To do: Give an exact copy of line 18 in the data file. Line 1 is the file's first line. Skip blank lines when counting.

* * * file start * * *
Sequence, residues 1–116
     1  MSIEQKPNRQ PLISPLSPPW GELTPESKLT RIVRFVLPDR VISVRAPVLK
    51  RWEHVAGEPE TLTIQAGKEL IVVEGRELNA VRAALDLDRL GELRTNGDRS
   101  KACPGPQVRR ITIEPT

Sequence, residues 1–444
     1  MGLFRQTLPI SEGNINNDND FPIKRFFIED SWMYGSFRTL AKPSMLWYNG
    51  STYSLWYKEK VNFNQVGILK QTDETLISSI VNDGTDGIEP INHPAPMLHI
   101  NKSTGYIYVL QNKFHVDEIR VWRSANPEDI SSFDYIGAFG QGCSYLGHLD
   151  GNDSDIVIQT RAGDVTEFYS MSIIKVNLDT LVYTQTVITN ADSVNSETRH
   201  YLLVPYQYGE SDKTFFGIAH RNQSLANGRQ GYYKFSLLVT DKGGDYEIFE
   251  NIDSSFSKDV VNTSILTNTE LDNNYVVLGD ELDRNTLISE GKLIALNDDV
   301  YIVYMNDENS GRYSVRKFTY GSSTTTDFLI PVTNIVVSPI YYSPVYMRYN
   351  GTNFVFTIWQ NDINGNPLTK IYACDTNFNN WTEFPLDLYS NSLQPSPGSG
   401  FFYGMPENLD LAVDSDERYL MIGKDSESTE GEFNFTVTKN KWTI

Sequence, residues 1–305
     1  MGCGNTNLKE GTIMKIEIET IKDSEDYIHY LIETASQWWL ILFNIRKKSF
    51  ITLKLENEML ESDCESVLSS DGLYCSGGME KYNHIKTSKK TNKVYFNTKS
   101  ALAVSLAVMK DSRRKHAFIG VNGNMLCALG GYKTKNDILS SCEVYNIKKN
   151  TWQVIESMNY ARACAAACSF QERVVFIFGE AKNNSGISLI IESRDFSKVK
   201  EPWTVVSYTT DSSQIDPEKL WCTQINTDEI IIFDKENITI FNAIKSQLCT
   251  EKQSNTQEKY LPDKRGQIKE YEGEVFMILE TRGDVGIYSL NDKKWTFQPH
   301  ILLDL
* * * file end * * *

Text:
   101  ALAVSLAVMK DSRRKHAFIG VNGNMLCALG GYKTKNDILS SCEVYNIKKN